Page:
Sunday morning, August 21, 2011





Thursday morning, August 25, 2011


Our day started at McDonald's in Morris where we saw two PGRiders leaving as we arrived.


Kevin and I got to the funeral home at the start of the staging time, but there were many bikes parked and flag-holdrs in place.



We check-in with the State Captain and the Senior Ride Captain.



And then Kevin took his place and I took pictures.



This missions was 85 miles from home -- close enough so that my grandson and I were familiar figures to most of the assembled group.  Kevin was comfortable standing in the flagline not only because we had McD for breakfast and a promise of Culver's for lunch.  I was less comfortable.

When introducing myself to a Ride Captain farther from home I explain that I will take photos of the PGRiders only, and not the mourners.  Today those two groups could not be distinguished.



On our way we passed through the intersection of Main and 47, just a few blocks from the funeral home.  There is nothing special about it.  I imagine Owen saw the car he would hit stationary and apparently yielding.  I imagine Owen was astounded to see the car move forward into his path.  I imagine the driver never saw Owen and his big blue bike.



Many of the PGRiders had been here the previous day for the four-hour visitation.  I was told there was a huge community turnout with long lines.  I guess that was the public event.  Today was more private.  We bikers were there.  We would stand in lines facing each other across the street, our bikes between us, American flags in our hands and on our bikes.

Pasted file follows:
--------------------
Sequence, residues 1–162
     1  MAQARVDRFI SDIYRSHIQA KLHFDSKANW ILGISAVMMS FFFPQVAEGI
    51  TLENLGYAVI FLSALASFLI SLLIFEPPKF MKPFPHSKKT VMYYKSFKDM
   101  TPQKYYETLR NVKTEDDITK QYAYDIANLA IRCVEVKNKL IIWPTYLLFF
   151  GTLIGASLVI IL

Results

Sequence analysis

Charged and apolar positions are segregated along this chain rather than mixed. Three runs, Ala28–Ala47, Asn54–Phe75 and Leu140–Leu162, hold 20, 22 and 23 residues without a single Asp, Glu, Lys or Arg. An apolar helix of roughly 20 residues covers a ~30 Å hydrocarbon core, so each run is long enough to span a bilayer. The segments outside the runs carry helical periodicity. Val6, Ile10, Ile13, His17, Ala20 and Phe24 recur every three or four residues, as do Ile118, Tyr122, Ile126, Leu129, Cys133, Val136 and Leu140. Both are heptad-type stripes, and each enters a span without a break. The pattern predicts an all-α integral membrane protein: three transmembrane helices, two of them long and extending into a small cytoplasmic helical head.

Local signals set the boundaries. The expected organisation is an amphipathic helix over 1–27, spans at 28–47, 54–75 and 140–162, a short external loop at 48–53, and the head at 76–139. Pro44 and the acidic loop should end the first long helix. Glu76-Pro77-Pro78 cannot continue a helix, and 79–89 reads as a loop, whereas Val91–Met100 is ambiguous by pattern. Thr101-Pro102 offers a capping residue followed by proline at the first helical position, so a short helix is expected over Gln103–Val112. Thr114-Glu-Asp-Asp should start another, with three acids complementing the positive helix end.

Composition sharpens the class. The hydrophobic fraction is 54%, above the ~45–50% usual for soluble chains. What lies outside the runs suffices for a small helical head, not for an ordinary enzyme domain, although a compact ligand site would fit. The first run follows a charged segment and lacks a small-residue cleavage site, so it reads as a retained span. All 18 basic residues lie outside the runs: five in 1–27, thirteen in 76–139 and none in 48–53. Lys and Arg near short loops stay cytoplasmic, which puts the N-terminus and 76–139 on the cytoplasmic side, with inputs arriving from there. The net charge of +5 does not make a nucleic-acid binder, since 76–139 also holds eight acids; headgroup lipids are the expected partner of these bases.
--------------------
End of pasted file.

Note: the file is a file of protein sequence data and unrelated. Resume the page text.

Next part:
But this was not a military funeral.  Like Dave & Brenda, like Mark & Cyndi, like Kevin and me, Owen was not never "in".  I think the public image of the PGR is veterans defending veterans, but that has never been our self-image.  We are Americans defending American values.



Timothy Hecker was 23 years a Marine.  He came for Owen.

He told me that he is sometimes a little frustrated that it is difficult to rally veterans for graveside ceremony at nearby Abraham Lincoln National Cemetery.  He says he tells them, "Look at all the Patriot Guard folks who are there.  A lot of them were never even in the military."



Strange as it may seem, I must disagree with Timothy on that.  The vets have earned the right to pass the baton.  The rest of us are still indebted to them and to our country.  We haven't earned our birthright.  Dave & Brenda know that.  Mark & Cyndi know that.

And Owen knew that.



So we did what Owen would do.



Some of us because we are American veterans.



Some of us just because we are Americans.



Greg wasn't a veteran either.



And then the sevice started.  Kevin and I moved to the 47 bridge over the river.  The procession would follow the river and pass under us.  We didn't want the prcession to think that our flag was simply fastened to the bridge, so Kevin would wave it.



While Kevin practiced his flag waving, I practiced my button pushing.



We get out onto Lake Michigan occassionally but this big river was new to us.



A boater noticed us and decided to salute Kevin's flag.



And then Owen arrived.



And then we left.